Uber has been involved in its fair share of legal battles, though it’s usually the one being accused of something. This time round, however, the ride hailing company is filing the complaint.
The often-controversial transportation network is filing a lawsuit against Fetch, an advertising agency owned by Japanese advertising giant Dentsu, for alleged click fraud relating to ‘fake’ online ads and taking credit for app downloads it had nothing to do with.
“With Fetch, we learned the age-old lesson ‘buyer beware’ the hard way,” Uber said in a statement. “Fetch was running a wild west of online advertising fraud.”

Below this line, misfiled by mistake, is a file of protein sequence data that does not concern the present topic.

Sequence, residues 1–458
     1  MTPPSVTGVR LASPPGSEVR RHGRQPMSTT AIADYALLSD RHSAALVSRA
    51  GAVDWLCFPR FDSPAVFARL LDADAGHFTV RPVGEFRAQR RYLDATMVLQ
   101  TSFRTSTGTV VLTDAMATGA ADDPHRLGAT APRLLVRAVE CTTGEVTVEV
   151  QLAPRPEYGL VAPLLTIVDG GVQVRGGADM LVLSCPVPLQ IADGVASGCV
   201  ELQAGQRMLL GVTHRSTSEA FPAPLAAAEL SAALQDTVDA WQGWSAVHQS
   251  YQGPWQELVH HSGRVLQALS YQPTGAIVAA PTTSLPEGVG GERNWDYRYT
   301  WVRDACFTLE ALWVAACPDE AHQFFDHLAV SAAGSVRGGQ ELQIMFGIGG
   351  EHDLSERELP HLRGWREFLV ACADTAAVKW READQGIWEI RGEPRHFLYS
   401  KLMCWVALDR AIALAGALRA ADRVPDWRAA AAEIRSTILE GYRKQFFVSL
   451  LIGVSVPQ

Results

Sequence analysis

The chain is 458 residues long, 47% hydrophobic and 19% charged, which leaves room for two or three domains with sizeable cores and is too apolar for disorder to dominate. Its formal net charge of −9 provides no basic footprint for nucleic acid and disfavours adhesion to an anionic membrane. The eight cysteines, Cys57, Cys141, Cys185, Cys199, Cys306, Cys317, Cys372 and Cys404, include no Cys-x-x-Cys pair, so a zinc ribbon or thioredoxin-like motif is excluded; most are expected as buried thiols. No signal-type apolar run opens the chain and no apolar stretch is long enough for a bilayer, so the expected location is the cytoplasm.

The lawsuit, filed in the US District Court in San Francisco, sees Uber seeking at least $40m (£30m) in damages, according to Bloomberg. Uber is said to have noticed something wasn’t quite right when it cancelled a campaign on far-right website Breitbart, where Fetch had been placing Uber ads.
The cancellation of the campaign came at a time when hundreds of companies blacklisted Breitbart, to prevent their ads appearing on the site, following last year’s presidential election. Fetch pulled ads from all networks associated with Breitbart, but the move is said to not have had any real bearing on the number of app downloads, contrary to what Fetch claimed.
On the back of this, Uber alleges that Fetch had been overbilling by claiming credit for app downloads it didn’t generate. Between 2015 and early 2017, the ride hailing company paid more than $82.5m for ads overseen by Fetch. Uber has refused to pay the over $7m that the ad agency says it owes.